Evstignei Ipatovich Fomin

The following article is from The Great Soviet Encyclopedia (1979). It might be outdated or ideologically biased.

Fomin, Evstignei Ipatovich


Born Aug. 5 (16), 1761, in St. Petersburg; died there late April (Old Style) 1800. Russian composer.

Fomin attended the Educational School of the St. Petersburg Academy of Arts, where from 1776 he studied composition with H. Raupach and F. Sartori. In 1782 he undertook further study with G. B. Martini and S. Mattei at the Bologna Philharmonic Academy, becoming a member of the academy in 1785. In 1786, Fomin returned to St. Petersburg.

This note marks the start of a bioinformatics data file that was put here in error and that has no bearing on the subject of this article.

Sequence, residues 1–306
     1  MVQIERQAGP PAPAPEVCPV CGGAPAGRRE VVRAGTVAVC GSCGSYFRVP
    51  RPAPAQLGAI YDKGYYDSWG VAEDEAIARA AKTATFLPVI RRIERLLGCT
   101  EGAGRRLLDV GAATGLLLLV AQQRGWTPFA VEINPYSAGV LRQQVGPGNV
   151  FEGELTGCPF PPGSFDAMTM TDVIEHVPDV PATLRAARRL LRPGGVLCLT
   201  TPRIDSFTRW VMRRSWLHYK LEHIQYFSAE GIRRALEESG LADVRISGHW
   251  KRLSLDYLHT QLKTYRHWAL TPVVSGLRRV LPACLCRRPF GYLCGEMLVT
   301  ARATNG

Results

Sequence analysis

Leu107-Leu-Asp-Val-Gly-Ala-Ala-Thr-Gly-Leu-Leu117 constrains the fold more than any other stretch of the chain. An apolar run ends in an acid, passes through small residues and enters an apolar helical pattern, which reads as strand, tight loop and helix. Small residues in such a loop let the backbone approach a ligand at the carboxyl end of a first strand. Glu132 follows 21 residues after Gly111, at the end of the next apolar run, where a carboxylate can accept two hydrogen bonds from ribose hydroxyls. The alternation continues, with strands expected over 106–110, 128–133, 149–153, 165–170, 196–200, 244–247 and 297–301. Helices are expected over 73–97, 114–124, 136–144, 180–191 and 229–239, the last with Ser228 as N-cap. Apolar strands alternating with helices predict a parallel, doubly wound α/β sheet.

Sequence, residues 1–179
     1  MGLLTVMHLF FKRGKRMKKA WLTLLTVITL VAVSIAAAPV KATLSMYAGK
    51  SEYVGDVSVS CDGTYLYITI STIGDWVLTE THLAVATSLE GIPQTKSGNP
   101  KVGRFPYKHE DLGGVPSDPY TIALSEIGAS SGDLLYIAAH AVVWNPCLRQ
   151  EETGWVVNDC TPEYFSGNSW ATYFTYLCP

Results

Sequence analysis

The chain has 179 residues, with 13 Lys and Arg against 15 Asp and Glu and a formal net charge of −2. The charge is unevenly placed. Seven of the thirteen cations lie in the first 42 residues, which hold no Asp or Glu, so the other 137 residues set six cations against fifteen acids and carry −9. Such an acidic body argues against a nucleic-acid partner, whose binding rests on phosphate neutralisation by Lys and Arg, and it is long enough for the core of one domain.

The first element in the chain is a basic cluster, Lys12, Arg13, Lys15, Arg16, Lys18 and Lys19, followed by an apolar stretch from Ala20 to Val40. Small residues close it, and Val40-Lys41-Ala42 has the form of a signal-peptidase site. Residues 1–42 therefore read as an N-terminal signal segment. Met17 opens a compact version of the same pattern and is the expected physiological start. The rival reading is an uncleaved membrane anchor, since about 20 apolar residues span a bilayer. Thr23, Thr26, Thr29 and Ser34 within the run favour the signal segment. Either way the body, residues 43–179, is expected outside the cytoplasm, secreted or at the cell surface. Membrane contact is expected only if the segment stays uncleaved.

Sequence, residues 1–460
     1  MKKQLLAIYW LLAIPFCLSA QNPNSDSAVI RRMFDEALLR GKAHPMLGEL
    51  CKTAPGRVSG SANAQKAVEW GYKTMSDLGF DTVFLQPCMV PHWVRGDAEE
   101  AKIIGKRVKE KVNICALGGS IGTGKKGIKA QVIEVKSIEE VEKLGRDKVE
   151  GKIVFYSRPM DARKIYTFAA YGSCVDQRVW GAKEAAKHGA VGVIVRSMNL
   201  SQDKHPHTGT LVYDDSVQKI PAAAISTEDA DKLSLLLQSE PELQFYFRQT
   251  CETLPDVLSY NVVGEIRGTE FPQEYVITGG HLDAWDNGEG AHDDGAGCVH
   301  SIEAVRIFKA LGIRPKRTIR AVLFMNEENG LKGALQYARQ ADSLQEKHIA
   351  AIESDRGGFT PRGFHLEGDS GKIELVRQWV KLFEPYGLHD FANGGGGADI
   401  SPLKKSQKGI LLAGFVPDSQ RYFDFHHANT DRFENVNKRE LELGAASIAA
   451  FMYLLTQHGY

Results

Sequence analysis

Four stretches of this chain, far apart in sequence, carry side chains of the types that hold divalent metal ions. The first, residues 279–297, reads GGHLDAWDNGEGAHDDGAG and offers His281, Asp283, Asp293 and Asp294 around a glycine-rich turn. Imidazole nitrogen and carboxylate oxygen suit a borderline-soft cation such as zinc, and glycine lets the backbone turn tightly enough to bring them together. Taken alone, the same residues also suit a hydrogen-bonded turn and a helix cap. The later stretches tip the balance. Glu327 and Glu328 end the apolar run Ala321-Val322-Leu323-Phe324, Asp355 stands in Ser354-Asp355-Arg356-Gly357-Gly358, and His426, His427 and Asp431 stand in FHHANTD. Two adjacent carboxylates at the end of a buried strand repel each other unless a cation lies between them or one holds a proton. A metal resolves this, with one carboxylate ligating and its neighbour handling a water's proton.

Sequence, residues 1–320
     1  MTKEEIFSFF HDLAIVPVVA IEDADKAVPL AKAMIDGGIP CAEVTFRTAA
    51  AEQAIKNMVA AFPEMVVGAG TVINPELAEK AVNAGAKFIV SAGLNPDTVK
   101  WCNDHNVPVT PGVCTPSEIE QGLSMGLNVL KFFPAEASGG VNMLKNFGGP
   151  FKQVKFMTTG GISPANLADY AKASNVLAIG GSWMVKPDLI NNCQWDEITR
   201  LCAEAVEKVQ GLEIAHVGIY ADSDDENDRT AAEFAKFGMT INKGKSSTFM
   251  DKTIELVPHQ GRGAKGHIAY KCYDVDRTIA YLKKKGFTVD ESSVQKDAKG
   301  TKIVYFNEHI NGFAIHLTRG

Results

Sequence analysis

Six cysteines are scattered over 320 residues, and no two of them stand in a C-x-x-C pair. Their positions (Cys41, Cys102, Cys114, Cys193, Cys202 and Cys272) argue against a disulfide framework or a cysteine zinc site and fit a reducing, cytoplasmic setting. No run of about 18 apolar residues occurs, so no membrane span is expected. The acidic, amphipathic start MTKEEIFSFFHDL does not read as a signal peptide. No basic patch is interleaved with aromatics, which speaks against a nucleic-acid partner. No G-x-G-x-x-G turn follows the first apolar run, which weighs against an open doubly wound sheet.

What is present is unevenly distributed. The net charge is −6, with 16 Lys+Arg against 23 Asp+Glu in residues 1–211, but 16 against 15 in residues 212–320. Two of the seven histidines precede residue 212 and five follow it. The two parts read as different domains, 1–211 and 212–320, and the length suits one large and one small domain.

Fomin was the most important Russian composer of the late 18th century and one of the creators of the Russian opera. His opera Coachmen at the Relay (or Unexpected Play; 1787, text by N. A. L’vov) is strongly national in character. The melodrama Orpheus (1792, staged in 1800; libretto by la. B. Kniazhnin) attains the level of high tragedy. His comic operas include The Americans (1788; staged 1800), The Golden Apple (staged 1803), and Boyeslav, the Hero of Novgorod (1786). Fomin also composed choruses for V. A. Ozerov’s tragedy laropolk and Oleg (1798).


Finagin, A. V. “Evst. Fomin: Zhizn’ i tvorchestvo.” In the collection Muzyka i muzykal’nyi byt staroi Rosii, vol. 1. Leningrad, 1927.
Fesechko, G. V. “Novye materialy o kompozitorakh P. A. Skokove i E. I. Fomine.” In Myzykal’noe nasledstvo, vol. 2, part 1. Moscow, 1966.
Dobrokhotov, B. Evstignei Fomin. Moscow, 1968.
The Great Soviet Encyclopedia, 3rd Edition (1970-1979). © 2010 The Gale Group, Inc. All rights reserved.